In March 2020, the Department of Health and Human Services (HHS) created a rule requiring patients to have instant access to their electronic health records and prohibiting practices that limit patients access to their records. This blog outlines the terms of the rule and presents an easy way to comply with it.

Information Blocking Examples

  • Restricting access more than is legally justified under the HIPAA Privacy Rule or state law.
  • Ignoring a patient request for medical records or delays in fulfilling requests when you have the capability to fulfill the request the same day.
  • Classifying patient data as sensitive in an arbitrary or blanket manner to limit patient access.

Information Blocking Rule Exceptions

  • Privacy exemption - Clinicians may redact data to protect privacy of the patient.
  • Harm exemption - Clinicians may restrict access when, in their professional judgment, providing access could put the patient or someone else at risk.
  • Infeasibility exemption - Clinicians are not required to deploy an EHR that supports the rule, if it would be unduly expensive and burdensome to do so.

Complying with the Information Blocking Rule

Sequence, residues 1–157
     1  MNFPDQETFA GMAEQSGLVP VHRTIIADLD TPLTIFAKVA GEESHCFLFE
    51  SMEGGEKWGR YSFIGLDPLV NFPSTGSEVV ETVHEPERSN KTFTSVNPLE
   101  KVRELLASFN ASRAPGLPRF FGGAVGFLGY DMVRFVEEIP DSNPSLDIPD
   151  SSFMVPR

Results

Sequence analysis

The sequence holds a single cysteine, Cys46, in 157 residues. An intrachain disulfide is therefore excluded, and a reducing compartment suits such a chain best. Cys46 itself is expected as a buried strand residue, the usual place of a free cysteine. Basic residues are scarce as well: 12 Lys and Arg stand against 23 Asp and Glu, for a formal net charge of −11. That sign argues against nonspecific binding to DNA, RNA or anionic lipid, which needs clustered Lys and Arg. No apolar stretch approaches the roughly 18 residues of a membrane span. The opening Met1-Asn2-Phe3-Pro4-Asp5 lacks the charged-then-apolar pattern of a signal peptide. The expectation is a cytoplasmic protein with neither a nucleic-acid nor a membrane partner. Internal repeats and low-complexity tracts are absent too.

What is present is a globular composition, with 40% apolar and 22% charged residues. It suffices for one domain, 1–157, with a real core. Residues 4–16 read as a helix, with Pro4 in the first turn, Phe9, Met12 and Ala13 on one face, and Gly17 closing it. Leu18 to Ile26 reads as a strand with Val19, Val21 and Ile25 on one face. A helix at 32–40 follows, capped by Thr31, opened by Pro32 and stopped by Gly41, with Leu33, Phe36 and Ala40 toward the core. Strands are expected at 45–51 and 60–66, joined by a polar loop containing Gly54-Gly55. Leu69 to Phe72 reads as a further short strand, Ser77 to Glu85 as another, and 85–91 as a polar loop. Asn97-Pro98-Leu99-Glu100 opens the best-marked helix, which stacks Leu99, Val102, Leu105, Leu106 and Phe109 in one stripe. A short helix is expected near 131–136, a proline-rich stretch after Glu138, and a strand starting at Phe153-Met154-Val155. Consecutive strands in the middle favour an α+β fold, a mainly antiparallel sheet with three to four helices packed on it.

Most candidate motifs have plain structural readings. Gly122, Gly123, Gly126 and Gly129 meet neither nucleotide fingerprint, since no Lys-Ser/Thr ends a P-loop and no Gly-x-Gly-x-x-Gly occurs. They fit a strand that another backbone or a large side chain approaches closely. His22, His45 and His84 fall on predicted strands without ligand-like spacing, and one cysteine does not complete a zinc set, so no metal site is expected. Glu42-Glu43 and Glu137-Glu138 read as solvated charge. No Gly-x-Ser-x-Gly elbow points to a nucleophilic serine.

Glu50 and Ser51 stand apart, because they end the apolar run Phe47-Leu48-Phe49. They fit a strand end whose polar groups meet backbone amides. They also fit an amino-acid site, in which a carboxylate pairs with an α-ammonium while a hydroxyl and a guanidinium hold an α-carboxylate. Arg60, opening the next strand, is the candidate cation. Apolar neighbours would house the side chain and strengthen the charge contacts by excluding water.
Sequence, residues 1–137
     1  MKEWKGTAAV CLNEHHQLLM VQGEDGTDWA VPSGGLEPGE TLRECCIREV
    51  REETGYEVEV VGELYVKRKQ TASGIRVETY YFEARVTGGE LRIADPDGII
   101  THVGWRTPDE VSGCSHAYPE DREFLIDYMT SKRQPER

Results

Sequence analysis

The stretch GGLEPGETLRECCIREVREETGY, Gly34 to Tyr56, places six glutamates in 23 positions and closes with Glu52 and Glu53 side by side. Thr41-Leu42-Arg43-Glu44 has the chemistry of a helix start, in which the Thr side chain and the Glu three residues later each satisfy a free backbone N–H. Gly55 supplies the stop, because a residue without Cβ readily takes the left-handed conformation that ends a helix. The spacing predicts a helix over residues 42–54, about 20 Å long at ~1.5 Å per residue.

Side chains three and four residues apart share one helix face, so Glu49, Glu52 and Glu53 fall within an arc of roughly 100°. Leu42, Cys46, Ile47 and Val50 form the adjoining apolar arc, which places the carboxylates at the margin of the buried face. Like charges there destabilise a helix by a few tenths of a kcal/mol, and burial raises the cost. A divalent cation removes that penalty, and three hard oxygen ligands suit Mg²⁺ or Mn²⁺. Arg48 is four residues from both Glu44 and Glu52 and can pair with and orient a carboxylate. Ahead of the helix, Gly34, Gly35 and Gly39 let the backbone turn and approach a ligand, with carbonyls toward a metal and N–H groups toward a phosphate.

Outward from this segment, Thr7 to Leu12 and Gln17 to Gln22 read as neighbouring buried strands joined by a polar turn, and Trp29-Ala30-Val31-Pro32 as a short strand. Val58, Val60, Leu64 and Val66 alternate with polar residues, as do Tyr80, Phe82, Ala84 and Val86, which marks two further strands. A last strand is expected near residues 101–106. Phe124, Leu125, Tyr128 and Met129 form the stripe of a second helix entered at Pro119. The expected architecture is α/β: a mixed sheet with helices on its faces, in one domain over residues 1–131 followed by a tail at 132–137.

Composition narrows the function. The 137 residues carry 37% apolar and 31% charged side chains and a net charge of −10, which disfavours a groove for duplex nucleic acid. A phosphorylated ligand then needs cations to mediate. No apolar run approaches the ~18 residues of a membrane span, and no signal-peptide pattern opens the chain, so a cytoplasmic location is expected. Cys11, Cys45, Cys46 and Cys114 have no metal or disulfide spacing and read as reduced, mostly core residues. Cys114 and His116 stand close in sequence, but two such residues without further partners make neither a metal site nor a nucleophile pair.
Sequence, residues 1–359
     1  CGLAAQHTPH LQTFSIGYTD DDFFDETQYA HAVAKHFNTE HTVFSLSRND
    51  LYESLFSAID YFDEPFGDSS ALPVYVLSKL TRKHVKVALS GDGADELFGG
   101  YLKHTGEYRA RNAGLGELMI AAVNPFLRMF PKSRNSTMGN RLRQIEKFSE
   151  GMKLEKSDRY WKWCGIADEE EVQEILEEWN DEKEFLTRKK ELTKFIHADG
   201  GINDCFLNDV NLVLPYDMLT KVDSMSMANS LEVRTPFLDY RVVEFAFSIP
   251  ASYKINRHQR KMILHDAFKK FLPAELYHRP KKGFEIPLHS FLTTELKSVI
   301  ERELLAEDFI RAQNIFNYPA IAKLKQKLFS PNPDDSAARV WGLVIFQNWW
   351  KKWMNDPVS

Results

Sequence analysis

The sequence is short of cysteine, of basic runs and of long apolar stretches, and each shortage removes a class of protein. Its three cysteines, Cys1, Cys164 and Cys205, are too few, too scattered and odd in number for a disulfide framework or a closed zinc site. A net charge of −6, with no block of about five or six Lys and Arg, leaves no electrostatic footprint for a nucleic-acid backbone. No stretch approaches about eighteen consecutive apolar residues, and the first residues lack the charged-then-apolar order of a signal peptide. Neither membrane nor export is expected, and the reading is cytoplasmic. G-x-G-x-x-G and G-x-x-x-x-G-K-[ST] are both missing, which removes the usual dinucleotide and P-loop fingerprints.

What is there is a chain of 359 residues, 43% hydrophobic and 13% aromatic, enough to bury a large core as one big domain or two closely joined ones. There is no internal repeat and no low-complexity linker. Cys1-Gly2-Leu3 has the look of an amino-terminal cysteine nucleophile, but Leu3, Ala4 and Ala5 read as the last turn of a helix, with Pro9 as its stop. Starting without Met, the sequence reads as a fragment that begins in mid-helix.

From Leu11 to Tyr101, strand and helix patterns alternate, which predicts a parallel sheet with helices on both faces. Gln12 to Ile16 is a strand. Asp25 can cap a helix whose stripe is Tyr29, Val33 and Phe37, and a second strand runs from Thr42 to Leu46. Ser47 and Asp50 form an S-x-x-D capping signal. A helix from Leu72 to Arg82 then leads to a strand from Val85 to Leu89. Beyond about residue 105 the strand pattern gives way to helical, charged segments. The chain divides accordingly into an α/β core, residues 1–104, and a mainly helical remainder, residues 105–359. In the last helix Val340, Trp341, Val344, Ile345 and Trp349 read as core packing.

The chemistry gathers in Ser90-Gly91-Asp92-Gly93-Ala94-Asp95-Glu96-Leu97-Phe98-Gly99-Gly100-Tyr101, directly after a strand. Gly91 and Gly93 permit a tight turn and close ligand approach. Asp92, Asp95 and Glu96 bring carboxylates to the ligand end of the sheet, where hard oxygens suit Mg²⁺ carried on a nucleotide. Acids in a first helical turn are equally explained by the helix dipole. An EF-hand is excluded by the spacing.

The easiest way for a clinician to meet the information blocking rule is to adopt an EHR, such as CarePaths EHR, that is certified as meeting the rule by ONC. CarePaths EHR has an online patient portal where patients can access their information at any time. Clinicians can easily flag data that meets an exception and this data will be redacted from data provided to the patient.

The cost of most ONC certified EHRs is out of the reach for most behavioral clinicians, but CarePaths EHR offers a fully-certified EHR at a cost that is actually below that of most non-certified systems. Of course, the benefits of an ONC certified EHR extend beyond just information blocking. ONC certified EHRs can interoperate or exchange information with other ONC certified EHRs. Already more than 95% of physicians use a certified EHR, but less than 1% percent of behavioral clinicians do. With the adoption of a certified EHR, behavioral clinicians become part of the virtual healthcare team, capable of receiving online referrals, exchanging clinical information with PCPs, and insuring compliance with the information blocking rule and other federal and state regulations.

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